As a wealthy family undergoing some money troubles scramble to plan for a wedding that could benefit them financially, chaos soon erupts amongst the attendees as their own problems bubble to the surface. Meanwhile, the discovery of a dodo at the lavish villa has everyone baffled and confused. By its premise alone, writer-director Panos H Koutras’s Dodo sounds like a weird, absurdist comedy somewhere in the vein of Yorgos Lanthimos’s Dogtooth. And while the filmmaker attempts to weave an existential family drama amid the insanity, the flat humour and eccentric performances render this flick dead on arrival.
The opening act is spent setting up the various key players and the dramas that are soon to unfold. Bride-to-be Sophia (Natassa Exindavveloni) is getting cold feet about the wedding. Her mother, Mariella (Smaragda Kapidi), an out-of-work actor best known for an old TV show, is likewise having doubts about her marriage to businessman Pavlos (Akis Sakellariou), as they both become taken with different people (who are also invited to the wedding). Intercut between this drama are POV shots of the dodo running through the dark garden to a charmingly wholesome soundtrack. The peculiar tone is enough for viewers to want to see where the filmmaker is going with these ideas. Unfortunately, though what transpires is far less amusing.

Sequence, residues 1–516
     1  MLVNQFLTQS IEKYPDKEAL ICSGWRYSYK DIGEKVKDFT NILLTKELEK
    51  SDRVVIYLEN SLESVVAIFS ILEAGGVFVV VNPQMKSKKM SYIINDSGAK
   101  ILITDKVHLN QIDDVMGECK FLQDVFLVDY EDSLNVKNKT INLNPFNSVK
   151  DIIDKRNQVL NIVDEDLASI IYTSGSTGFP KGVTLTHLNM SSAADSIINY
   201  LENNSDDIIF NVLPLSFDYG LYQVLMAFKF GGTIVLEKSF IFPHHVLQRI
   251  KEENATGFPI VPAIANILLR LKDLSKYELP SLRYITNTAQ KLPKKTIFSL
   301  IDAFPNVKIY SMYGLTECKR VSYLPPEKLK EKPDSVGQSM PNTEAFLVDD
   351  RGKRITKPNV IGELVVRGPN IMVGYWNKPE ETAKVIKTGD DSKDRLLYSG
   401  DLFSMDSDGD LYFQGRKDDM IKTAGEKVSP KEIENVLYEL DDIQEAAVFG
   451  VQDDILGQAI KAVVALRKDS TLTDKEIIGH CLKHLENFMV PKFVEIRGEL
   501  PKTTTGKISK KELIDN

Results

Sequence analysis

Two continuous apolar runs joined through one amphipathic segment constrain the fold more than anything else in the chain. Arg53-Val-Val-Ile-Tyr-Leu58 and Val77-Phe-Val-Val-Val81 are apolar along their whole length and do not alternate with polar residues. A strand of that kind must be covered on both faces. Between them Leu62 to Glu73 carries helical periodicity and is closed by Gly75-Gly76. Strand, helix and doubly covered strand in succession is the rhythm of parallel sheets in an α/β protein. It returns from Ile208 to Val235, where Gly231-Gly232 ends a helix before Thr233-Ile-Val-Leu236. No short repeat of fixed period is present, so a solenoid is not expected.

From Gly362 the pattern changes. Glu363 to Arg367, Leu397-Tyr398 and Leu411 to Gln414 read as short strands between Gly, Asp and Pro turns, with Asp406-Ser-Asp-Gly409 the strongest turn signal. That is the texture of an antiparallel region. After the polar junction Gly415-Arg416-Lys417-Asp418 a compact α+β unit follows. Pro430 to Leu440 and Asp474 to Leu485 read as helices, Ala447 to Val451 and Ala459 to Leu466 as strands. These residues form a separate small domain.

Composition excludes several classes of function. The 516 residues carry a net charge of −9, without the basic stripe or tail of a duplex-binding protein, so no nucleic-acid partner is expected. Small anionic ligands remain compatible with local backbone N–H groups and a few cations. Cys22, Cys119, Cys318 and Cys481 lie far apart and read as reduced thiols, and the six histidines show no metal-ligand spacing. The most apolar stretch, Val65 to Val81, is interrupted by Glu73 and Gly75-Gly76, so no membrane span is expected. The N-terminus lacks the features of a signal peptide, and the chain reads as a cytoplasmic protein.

The absurdist premise is undermined by the childish levels of comedy on display. The jokes here predominately consist of the CGI bird angrily grumbling like a cartoon dog as the bewildered and partly terrified guests scream with the same energy as pantomime characters. Alongside the silliness there is a spattering of quippy one-liners, though not enough to make the flat humour any more bearable. Besides the lacking comedy, the soundtrack is another source of irritation. Though the short snippets of melodies initially give the film an endearing, offbeat charm, their sheer restiveness soon does away with that. By the tenth time viewers hear that melancholic piano tune they’ll become bored of it; and by the 100th it’ll drive them insane.
Though Dodo’s bizarre premise will likely grab the attention of those looking for something very different, this film’s approach seems to be to irritate audiences as much as possible – and that’s just as much fun as it sounds.
Dodo does not have a UK release date yet.
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Watch the trailer for Dodo here: